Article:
Severe Discrepancy Model
You can file this under “the knowledge base I wish I didn’t have to have.” But here we are. Understanding the Severe Discrepancy Model is one of those things that parents are actually often told. A school psychologist will often explain this during your child’s evaluation meeting. However, I find that many parents are overwhelmed during that time, so they don’t really absorb the information.
And that’s understandable. This isn’t anything I learned in high school or college.
Yeah, but, do I really need to know this?
For most of you, no. If you agree with your school’s evaluations of your child or their categorization of your child, then no. I wouldn’t burden my brain with this.
However, if you do not agree with your child’s evaluations, you do need to do a deeper dive. Find out what assessments they used, and if they used Discrepancy Model and so on. Mind you, I am not a school psychologist. This is meant to just be a high overview.
I would say about once a month, a parent pops into our IEP Facebook group with a question about this. What typically happens is that yes, it was explained to them at a meeting recently, but now that they are digesting all the information, they need more information and explanation.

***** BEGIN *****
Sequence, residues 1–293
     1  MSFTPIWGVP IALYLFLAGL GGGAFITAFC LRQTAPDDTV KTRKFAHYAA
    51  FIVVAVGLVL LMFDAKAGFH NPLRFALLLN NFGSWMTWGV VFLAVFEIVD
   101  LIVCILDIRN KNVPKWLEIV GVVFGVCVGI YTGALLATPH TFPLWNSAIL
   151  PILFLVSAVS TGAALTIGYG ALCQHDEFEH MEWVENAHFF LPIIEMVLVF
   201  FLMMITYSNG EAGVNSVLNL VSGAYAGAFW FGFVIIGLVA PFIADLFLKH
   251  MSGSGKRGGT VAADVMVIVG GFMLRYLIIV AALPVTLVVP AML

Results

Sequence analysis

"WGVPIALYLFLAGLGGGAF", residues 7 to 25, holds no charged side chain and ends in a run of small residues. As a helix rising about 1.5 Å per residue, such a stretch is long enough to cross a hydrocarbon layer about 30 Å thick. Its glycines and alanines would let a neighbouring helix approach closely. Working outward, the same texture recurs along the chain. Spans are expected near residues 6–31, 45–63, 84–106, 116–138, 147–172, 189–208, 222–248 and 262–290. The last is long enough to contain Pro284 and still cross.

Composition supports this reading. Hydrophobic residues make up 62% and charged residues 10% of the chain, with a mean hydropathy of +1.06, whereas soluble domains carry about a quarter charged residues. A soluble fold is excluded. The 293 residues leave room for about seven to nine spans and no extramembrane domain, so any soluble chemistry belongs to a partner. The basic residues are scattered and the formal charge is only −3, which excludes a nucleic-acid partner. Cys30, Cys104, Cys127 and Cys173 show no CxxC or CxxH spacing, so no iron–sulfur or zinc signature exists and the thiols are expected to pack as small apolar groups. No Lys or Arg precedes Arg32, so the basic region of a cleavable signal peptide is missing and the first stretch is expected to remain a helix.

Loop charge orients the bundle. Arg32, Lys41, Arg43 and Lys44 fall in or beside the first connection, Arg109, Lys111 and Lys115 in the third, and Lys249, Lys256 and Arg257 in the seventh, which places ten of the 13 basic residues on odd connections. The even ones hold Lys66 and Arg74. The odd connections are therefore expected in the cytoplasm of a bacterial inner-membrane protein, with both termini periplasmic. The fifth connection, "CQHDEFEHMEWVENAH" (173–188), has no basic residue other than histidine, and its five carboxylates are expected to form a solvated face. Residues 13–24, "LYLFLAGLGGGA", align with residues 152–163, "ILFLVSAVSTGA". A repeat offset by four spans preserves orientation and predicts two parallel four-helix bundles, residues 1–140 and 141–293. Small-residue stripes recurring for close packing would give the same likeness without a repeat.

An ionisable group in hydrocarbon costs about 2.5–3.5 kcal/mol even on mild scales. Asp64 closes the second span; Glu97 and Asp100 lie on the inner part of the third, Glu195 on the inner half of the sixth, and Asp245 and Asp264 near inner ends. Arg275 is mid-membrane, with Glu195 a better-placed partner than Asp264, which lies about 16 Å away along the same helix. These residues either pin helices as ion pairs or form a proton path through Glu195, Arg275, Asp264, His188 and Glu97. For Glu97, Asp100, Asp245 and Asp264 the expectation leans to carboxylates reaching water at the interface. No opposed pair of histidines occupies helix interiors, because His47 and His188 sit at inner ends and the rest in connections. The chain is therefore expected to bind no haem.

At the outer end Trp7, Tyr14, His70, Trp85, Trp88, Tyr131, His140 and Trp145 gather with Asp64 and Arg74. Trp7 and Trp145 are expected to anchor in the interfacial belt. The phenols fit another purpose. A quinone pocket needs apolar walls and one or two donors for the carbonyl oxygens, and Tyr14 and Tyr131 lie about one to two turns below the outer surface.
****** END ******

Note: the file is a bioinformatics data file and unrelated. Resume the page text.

If you have a basic understanding of Discrepancy Model vs. RTI, and what your school uses, it will help you be a better advocate for your child. This will make more sense once you have a basic understanding of it.
Discrepancy Model vs. RTI
There are two primary methods of diagnosing a child with a learning disability: the severe discrepancy model, and the response to intervention (RTI) model.
Here is what IDEA says about Severe Discrepancy and RTI:
Sec. 300.307 Specific learning disabilities
300.307 Specific learning disabilities.
- (a) General. A State must adopt, consistent with §300.309, criteria for determining whether a child has a specific learning disability as defined in §300.8(c)(10). In addition, the criteria adopted by the State—
- (1) Must not require the use of a severe discrepancy between intellectual ability and achievement for determining whether a child has a specific learning disability, as defined in §300.8(c)(10);